ESSAY: Why do Climbing & Mountaineering attract Outsiders?

by Ed Douglas 12/Oct/2017
This article has been read 9,584 times

In this essay, Ed Douglas ponders an observation made by many a climber over the years...

Why do climbing and mountaineering seem to attract 'outsiders'?

So much for the games climbers play: what about the games climbers don't play? In my final winter term at school, the teacher in charge of the rugby team found me at break-time and quietly asked if I planned to play that season. I shook my head, without even thinking about it, and he smiled briefly and turned on his heel. I doubt he was disappointed. I was not an integral part of the squad, but as one of the oldest and a fair player I might have had something to offer. None of that mattered because nothing would have induced me to change my mind. I had nothing against him, or the rest of the team. I simply didn't fit.

Ed Douglas on the Mer de Glace in 1983, aged 17, en route to the Couvercle hut. (He's the one in the Dennis the Menace t-shirt), 146 kb
Ed Douglas on the Mer de Glace in 1983, aged 17, en route to the Couvercle hut. (He's the one in the Dennis the Menace t-shirt)
© Ed Douglas

Sport, or at least the playing of it, seemed to me simultaneously regimented and arbitrary, and weighted with stress. There were rules, but sometimes little justice in how they were applied. There were players who worked hard but didn't get much credit, because they were reserved, or not popular. It was the job of coaches to put pressure on you, to try harder, achieve more, but that tipped so easily into a kind of moral bullying, and sometimes the real thing. The atmosphere around the activity made a mockery of the term 'play'. I didn't mind working hard, but there was little joyful about the process. As Malcolm Gladwell wrote in Outliers, 'Hard work is only a prison sentence when you lack motivation.' I lacked motivation. Rugby was mostly full of anxiety, that I'd fuck up in some way and earn the opprobrium of my fellow players or coaches. You couldn't talk constructively about your doubts; you weren't supposed to have any. And while all this sounds typically male, having interviewed some elite women over the years, I think at least some of it was simply the competitive nature of organised sport. The more you define yourself by winning, the more losing sucks.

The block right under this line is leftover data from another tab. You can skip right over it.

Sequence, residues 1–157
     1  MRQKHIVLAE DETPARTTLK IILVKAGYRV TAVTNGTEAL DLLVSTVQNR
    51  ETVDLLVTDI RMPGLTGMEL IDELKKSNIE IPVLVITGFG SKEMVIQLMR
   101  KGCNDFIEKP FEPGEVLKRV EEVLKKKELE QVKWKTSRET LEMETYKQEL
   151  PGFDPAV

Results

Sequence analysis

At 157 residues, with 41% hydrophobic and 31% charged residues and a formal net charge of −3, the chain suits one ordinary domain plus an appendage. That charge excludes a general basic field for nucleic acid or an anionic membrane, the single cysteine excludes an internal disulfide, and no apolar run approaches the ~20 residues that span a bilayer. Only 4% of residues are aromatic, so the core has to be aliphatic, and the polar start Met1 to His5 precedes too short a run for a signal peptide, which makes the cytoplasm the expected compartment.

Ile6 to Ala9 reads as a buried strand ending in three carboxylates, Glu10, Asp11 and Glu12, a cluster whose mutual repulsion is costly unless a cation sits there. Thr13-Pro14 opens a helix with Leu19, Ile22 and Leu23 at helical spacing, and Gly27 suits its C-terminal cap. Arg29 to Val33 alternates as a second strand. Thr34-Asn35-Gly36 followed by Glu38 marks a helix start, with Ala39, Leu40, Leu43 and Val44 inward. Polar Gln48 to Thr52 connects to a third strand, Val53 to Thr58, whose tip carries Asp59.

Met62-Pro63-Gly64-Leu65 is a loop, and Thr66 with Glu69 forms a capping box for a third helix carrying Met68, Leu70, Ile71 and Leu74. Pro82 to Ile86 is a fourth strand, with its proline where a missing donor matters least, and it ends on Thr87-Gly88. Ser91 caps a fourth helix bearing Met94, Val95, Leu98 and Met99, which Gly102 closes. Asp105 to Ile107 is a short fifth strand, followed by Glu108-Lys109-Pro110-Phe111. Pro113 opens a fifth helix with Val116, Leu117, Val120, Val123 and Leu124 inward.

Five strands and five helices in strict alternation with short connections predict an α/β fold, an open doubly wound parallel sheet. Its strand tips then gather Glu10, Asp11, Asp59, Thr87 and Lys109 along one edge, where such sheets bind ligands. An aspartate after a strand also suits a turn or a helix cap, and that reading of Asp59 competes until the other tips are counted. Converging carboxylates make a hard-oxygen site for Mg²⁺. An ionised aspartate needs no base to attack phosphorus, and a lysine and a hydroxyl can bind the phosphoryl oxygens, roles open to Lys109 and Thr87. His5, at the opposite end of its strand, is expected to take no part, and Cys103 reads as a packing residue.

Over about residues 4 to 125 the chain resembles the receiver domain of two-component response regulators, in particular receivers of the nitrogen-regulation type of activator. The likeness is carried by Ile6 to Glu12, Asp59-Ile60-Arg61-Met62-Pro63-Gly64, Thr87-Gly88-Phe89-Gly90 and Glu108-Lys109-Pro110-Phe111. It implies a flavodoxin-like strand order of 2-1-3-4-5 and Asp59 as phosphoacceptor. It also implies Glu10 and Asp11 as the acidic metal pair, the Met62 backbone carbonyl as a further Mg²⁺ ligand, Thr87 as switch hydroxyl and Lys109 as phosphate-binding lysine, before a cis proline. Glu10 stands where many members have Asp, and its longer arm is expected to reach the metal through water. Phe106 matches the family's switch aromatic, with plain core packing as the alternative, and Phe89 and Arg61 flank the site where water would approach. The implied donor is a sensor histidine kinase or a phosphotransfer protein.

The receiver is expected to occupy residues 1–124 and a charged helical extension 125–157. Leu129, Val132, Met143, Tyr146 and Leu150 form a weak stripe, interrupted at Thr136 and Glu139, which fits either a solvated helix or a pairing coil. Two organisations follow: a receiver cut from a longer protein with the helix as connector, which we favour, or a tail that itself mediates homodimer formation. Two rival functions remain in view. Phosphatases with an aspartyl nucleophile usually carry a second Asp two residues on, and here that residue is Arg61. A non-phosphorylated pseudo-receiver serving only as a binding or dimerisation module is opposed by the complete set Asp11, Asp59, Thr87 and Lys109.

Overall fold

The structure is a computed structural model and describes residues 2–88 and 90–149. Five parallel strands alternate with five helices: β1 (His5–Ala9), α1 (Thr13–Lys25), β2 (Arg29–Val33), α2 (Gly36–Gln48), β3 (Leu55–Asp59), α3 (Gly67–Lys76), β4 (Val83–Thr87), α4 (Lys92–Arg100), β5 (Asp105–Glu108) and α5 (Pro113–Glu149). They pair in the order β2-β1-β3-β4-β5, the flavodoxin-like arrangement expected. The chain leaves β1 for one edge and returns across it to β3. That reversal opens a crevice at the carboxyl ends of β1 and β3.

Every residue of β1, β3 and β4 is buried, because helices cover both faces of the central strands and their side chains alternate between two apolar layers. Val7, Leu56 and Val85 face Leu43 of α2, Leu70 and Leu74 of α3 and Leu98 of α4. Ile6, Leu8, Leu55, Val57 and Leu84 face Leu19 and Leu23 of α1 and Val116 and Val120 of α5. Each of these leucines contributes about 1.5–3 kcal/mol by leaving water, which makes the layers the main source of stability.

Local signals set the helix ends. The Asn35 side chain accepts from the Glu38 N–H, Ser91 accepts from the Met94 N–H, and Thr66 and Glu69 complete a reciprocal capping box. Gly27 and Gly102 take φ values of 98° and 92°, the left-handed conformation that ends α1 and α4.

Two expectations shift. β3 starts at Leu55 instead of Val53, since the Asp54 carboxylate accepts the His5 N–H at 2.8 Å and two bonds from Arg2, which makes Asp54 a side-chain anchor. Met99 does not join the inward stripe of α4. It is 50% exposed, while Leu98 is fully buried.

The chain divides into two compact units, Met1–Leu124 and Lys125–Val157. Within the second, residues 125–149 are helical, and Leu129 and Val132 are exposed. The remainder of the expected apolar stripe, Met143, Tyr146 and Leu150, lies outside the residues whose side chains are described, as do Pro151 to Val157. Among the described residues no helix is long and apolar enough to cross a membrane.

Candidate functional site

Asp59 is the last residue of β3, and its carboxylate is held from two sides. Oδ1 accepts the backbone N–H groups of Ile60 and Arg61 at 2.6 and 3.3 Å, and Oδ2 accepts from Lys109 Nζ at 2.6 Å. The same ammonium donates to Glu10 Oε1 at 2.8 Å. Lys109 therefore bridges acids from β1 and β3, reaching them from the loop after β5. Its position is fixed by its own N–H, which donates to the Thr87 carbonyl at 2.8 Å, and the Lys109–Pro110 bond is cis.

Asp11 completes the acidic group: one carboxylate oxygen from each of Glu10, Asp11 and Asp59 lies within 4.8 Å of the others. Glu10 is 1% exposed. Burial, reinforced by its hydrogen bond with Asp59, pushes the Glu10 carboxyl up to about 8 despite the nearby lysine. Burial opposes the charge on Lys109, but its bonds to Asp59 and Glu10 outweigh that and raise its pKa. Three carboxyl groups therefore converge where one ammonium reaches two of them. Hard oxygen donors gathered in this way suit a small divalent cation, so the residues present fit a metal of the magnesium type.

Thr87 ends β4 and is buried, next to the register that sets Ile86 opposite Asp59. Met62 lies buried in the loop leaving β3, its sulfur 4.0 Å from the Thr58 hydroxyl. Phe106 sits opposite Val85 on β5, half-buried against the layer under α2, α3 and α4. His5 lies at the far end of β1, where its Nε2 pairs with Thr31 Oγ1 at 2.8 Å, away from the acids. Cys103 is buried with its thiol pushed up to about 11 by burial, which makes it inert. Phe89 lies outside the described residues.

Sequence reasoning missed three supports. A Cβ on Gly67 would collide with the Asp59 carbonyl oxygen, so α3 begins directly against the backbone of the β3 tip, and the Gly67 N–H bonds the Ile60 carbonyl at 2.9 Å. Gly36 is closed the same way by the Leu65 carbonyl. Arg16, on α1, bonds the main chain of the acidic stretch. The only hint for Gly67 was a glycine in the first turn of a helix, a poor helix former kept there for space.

By this time I'd become involved in disorganised sport, having climbed for three years or so, and hill walked for longer, and I couldn't help compare my experiences in the mountains with my experiences on a rugby pitch. The process of climbing seemed antithetical, full of freedom and fun. There was also fear, because climbing can be frightening, but that was a purely internal struggle. Nobody gave me grief about it. It took me to new places, literally and metaphorically. It seemed broader, more expansive. Many of us who've spent our lives in the hills climbing or walking started off with a conventional take on physical activity. Over the years I've interviewed so many climbers who were natural athletes, which I certainly wasn't, who felt the same psychological restrictions I did. When you find a situation unsatisfactory, you can give up or comply – or else find a way of life that is more fulfilling. That's why, in a nutshell, climbing is, or at least was, full of misfits and rebels. Here was an activity that rewarded hard work and imagination but didn't penalise you for a lack of talent. It was up to you to make the most of what you've got. That seems to me a precious commodity in a world plagued with inactivity.

Had I been a better player, my rugby coach would have tried harder to talk me round, but if you weren't a great player, there wasn't an incentive for him to try. But a lifetime's activity is good for us, for our physical and mental health, and for society too, because in the long run we're cheaper. One of the great reversals over the course of my life in the outdoors has been the closure and diminution of local education authority outdoor programmes: closing a door to a world where outliers can find their own paths to success. I still love watching sport, including rugby, but I'm not sure, beyond the physical benefits, that competitive sport is a great way to grow a well rounded human being, even for the most gifted. Exploring the natural world on the other hand is a great way to do it.

Kendal Mountain Festival, 139 kb
Kendal Mountain Festival 2017

Kendal Mountain Festival is an award-winning event that has grown in size and diversity over the last 17 years. It is also the main social event for outdoor enthusiasts in the UK. Thousands of outdoor enthusiasts plus media industry specialists, athletes, top brands & equipment manufacturers, artists, photographers, adventurers, explorers and inspirational speakers gather every year to share adventures and celebrate the very best in outdoor and adventure sports culture.

We are delighted to be joined by award-winning writer Ed Douglas at the Festival. Expect to be captivated by his exploration of the world's best known climbers. Ed will be discussing his Boardman Tasker Award shortlisted book, The Magician's Glass at an event on Sunday 19th November, 10:30am - 12:00pm.


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